Incarnational living is Christ-centeredness; meaning, Christ is interwoven into the warp and woof of the homogeneous fabric of faith. Christ is above culture. Sure, the church strives to place Christ “in” culture, but the sovereignty of Christ means that He already supersedes culture. His position is outside of time. Being Christocentric means that I acknowledge all things are in, through, for, and by Him (Eph. 1:3-14). When the Lord stated “Render to Caesar the things that are Caesar’s and to God the things that are God’s” (Mt. 22:21), Jesus implied three things: (1) Caesar may claim to be “Augustus” (the title denotes god-like, or majestic), but God is the One and only God; (2) all things are God’s, and government exists for God’s purpose, and (3) all things pertain to, and are created for, God. Caesar owns nothing! He is a created being. Christ, is above culture, but has established all things “in” Him. The Word of God launches this understanding past our human finite minds, more than once: Christ was/is the Creator (Jn. 1:1; Col. 1:16-17; Rom. 11:36). The ancient Christian church acknowledged Christ as the entirety of their lives. They lived the Gospel within every community they reached. With no personal Bibles, buildings, or Sunday school classes, the church thrived on what they knew to be true in their hearts: the Gospel. “Classical Christianity affirms the centrality...

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Boasting, Pride and Humility Part 2

Introduction In part one of our look on boasting (http://servantsofgrace.org/2011/02/23/boasting-pride-and-humility-part-1/) we learned the importance of humility and the dangers of pride. Today we are going to continue our study on boasting by looking at Galatians 6:4, 13-14, 2nd Thessalonians 1:4, James 1:9; 3:13, 4:16 and conclude by applying what we have learned about this topic. Galatians 6:4, 13-14 Galatians 6:4 falls within the broader context of Galatians 5:13-6:10 a section in Galatians in which Paul is instructing the Galatians on life in the Holy Spirit and love. Freedom from the law Paul teaches does not lead to libertinism, for believers by the power of the Spirit live a new life characterized by love. Test means to approve something after testing it. Believers first must be sure their lives are right with God before giving spiritual help to others (Matthew 7:3-5). If a believer rejoices or boasts, it should be only boasting in the Lord for what God has done in him (2 Cor. 10:12-18), not for what he supposedly has accomplished compared to other believers (1 Cor. 1:30-31).   Galatians 6:13-14 falls within the context of Galatians 6:11-18 a section in which Paul gives his final warning to the Galatians. Paul summarizes the main themes of the letter and challenges the reader to stay true to the gospel. To require circumcision according to Paul is to deny the cross...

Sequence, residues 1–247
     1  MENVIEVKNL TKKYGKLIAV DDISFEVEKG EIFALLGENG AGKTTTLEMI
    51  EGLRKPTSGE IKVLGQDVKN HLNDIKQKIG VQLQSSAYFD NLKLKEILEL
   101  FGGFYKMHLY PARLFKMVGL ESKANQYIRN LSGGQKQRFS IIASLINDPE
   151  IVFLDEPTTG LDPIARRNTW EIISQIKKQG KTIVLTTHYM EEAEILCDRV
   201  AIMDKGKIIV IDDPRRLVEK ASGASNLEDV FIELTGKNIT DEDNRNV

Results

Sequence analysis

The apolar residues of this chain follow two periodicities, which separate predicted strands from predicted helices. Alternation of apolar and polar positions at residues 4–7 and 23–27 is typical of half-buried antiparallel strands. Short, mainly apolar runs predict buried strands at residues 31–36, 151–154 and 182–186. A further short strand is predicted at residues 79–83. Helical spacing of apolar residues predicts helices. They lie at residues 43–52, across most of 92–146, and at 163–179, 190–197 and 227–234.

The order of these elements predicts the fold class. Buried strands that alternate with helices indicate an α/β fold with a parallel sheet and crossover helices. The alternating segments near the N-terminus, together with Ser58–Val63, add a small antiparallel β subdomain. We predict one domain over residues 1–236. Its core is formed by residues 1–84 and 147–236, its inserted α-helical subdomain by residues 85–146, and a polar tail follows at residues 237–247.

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Boasting, Pride and Humility Part 1

Introduction Bost (halal, means “to praise”; kauchaomai, “to vaunt onself,” is used in a good and bad sense in the Bible. To praise God: “In God we have made our boast all day long” (Psalm 44:8); to praise oneself, to vaunt (Psalm 10:3). Paul describes what it means to boast in a good way in 2nd Corinthians 7:14, “Forwhatever boasts I made to him about you, I was not put to shame. But just as everything we said to youwas true, so also our boasting before Titus has proved true.” Paul also explains why boasting in the sense of self-righteousness is bad in Romans 2:17,23 and Ephesians 2:9. 2nd Corinthians 10:8, 13, 15, and 17 give the fullest picture of boasting in the New Testament. In today’s post we will look at 2nd Corinthians 10:8, 13, 10:15, 17, 11:30, 12:5-6, 12:9 and conclude by applying what we have learned. Tomorrow we will look at 12:9, Galatians 6:4, 13, 14, 2nd Thessalonians 1:4, James 1:9, 3:14, 4:16, and conclude by applying what we have learned. 2nd Corinthians 10:8, 13, 10:15, & 17 2nd Corinthians 10 falls within the context of 2nd Corinthians 10:1-13:10 which is Paul’s appeal to the rebellious minority in Corinth. This is the third major section of the letter, and Paul directly appeals to those who are still rejecting his gospel and apostolic authority. For in his...